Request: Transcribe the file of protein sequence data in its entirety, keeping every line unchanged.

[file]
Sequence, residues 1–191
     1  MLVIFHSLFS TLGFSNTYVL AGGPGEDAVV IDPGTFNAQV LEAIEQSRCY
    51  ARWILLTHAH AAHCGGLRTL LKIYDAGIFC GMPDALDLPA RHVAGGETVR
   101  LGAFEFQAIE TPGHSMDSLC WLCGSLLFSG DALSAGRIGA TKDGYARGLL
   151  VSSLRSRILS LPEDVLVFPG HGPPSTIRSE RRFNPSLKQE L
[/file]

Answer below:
Sequence, residues 1–191
     1  MLVIFHSLFS TLGFSNTYVL AGGPGEDAVV IDPGTFNAQV LEAIEQSRCY
    51  ARWILLTHAH AAHCGGLRTL LKIYDAGIFC GMPDALDLPA RHVAGGETVR
   101  LGAFEFQAIE TPGHSMDSLC WLCGSLLFSG DALSAGRIGA TKDGYARGLL
   151  VSSLRSRILS LPEDVLVFPG HGPPSTIRSE RRFNPSLKQE L